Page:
by Nicole Flatow
The U.S. Supreme Court has ordered another round of arguments in Kiobel v. Shell Petroleum, this time on the question of whether the 200-year-old Alien Tort Statute applies to human rights violations that occur outside the United States.
The ATS and another related statute, the Torture Victim Protection Act, have been used to hold corporations accountable when they commit or are complicit in human rights abuses that include genocide, war crimes and forced labor.
The Supreme Court initially granted review of Kiobel on the question of whether the corporate entities themselves could be held accountable.
But as Bloomberg’s Greg Stohr points out, a ruling on the broader issue of whether U.S. courts can review actions arising elsewhere would “potentially impose more sweeping limits on lawsuits, shielding corporate officers as well as the companies themselves.”
During the first set of oral arguments last week, the justices raised a number of questions about the extraterritoriality issue. In response, plaintiffs’ lawyer Paul Hoffman explained that there is nothing unusual about “transnational” litigation.
But the lawyers had not submitted briefs to the Supreme Court on this question, since it was not at issue in the lower court’s decision, which held that corporations were not subject to suit under the ATS.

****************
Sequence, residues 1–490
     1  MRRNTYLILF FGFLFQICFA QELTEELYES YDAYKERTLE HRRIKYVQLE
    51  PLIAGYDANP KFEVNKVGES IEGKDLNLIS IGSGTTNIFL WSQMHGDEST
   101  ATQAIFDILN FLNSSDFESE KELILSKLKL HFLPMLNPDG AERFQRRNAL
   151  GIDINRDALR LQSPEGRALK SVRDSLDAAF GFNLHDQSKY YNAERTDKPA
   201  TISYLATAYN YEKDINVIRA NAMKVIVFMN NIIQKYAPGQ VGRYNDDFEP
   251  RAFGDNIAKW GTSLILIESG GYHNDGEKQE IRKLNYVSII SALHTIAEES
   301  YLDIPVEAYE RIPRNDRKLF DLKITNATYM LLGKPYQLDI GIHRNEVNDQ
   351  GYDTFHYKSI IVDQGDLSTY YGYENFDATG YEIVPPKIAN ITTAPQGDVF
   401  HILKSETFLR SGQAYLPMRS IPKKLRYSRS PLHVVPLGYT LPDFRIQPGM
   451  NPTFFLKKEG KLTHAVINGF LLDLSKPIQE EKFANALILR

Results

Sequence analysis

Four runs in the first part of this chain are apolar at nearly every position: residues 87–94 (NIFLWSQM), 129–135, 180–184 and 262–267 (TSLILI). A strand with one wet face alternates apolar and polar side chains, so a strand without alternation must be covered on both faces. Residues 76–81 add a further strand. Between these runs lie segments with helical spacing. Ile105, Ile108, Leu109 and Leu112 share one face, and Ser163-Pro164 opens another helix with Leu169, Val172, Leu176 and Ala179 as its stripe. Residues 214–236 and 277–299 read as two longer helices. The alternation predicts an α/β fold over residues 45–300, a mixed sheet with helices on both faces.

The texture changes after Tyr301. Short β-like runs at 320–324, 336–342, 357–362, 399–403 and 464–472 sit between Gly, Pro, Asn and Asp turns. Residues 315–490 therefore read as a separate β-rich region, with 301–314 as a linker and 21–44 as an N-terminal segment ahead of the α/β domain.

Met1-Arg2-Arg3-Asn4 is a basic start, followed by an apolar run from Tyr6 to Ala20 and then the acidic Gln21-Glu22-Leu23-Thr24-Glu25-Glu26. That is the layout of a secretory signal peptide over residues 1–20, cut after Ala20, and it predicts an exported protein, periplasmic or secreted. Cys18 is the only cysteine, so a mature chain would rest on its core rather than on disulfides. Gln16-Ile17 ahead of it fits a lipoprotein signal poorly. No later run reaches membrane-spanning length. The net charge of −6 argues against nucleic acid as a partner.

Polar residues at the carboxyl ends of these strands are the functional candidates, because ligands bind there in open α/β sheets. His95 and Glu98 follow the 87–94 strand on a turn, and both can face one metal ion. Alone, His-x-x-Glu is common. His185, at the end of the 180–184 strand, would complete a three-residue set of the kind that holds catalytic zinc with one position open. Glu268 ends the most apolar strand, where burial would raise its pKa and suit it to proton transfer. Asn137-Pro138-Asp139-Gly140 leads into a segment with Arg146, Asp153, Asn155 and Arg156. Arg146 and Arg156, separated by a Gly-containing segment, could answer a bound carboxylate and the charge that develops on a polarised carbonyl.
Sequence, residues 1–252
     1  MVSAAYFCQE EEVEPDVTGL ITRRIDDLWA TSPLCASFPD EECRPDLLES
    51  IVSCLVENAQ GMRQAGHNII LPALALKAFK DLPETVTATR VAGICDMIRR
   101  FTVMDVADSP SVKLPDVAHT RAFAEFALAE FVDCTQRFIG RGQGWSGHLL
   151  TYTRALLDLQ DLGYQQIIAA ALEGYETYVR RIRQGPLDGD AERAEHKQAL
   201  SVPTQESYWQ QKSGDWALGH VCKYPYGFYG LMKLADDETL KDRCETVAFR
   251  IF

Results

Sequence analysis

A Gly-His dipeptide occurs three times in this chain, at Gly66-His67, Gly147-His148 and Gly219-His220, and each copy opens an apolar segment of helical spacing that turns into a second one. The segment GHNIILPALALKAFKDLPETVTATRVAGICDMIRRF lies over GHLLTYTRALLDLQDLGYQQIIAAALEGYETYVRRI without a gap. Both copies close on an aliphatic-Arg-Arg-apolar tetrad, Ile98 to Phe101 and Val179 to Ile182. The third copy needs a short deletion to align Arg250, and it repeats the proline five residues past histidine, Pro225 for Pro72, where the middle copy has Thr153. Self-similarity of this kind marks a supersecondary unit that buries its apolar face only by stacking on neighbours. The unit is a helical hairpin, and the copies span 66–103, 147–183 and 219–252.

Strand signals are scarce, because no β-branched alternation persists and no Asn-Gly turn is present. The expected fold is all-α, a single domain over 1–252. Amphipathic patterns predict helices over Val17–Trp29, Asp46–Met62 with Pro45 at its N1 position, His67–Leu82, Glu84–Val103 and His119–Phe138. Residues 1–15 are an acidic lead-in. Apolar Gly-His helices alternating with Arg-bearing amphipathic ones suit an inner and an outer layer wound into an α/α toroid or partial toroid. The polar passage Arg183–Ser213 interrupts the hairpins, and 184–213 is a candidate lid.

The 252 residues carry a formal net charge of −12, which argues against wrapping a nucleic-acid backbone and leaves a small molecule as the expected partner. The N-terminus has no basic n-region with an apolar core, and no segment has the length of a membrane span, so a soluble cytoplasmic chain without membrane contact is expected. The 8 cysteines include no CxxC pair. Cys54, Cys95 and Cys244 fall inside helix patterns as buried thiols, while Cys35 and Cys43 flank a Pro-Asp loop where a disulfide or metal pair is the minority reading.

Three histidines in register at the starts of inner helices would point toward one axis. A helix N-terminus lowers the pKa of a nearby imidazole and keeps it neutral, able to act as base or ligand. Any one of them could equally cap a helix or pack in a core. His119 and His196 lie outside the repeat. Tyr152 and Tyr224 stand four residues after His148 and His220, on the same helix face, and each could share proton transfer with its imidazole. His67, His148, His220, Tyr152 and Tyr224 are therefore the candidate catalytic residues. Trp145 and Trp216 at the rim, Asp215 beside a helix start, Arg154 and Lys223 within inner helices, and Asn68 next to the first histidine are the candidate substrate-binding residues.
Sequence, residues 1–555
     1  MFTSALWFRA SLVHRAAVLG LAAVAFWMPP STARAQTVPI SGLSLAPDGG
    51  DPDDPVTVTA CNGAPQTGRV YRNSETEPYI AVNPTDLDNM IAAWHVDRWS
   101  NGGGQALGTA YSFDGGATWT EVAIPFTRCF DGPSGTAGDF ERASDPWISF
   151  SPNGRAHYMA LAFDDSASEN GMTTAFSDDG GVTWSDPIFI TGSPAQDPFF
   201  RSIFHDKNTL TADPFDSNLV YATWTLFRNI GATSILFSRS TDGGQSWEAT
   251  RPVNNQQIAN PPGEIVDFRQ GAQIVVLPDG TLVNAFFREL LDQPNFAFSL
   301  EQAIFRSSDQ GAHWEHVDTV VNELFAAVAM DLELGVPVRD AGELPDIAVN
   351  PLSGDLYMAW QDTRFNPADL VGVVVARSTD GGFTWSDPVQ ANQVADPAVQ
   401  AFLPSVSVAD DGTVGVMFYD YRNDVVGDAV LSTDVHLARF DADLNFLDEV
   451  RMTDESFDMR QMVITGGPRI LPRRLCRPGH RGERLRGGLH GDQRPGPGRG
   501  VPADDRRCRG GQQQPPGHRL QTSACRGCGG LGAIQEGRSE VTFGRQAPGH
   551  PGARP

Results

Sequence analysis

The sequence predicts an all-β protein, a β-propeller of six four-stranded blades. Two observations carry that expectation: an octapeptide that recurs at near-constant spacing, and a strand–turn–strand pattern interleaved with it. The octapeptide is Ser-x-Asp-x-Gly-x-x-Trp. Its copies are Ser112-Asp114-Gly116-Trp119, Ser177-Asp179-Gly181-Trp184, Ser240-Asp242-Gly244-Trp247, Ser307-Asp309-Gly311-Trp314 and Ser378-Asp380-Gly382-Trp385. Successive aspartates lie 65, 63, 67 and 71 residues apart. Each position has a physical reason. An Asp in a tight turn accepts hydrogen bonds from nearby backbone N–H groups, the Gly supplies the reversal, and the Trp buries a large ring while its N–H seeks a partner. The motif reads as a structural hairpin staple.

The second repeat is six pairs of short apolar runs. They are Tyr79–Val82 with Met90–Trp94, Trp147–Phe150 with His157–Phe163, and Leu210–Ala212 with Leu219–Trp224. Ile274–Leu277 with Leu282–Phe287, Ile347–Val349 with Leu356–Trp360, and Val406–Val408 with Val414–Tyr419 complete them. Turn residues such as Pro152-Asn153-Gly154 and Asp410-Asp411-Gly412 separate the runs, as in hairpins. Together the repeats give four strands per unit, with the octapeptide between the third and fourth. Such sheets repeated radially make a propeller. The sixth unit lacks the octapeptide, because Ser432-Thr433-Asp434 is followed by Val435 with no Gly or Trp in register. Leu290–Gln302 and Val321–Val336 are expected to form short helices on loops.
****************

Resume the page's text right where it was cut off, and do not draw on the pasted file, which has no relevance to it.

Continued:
Writing for The Huffington Post, EarthRights International’s Katie Redford explains that “the legal justification for hearing cases between foreigners based on foreign conduct, so long as the defendant is found in the U.S., is well established.” She continues:
Foreigners have always been able to sue other foreigners in U.S. courts over conduct that occurred anywhere in the world. Our courts have doctrines to deal with these sorts of cases and can dismiss them if they truly don't belong here. Based on his own comments, even Justice Kennedy seemed to recognize that Filartiga v. Peña-Irala -- the first modern ATS lawsuit, in which a foreigner successfully sued a foreigner over torture that happened in Paraguay, and which has previously been endorsed by the Supreme Court -- was rightly heard and decided in the United States.
According to Stohr, the “court’s briefing schedule means the new argument will take place during the nine-month term that starts in October,” and the case will not be decided this term.
The new briefing schedule will not, however, affect a second case that considers whether corporations and organizations can be sued under the Torture Victim Protection Act.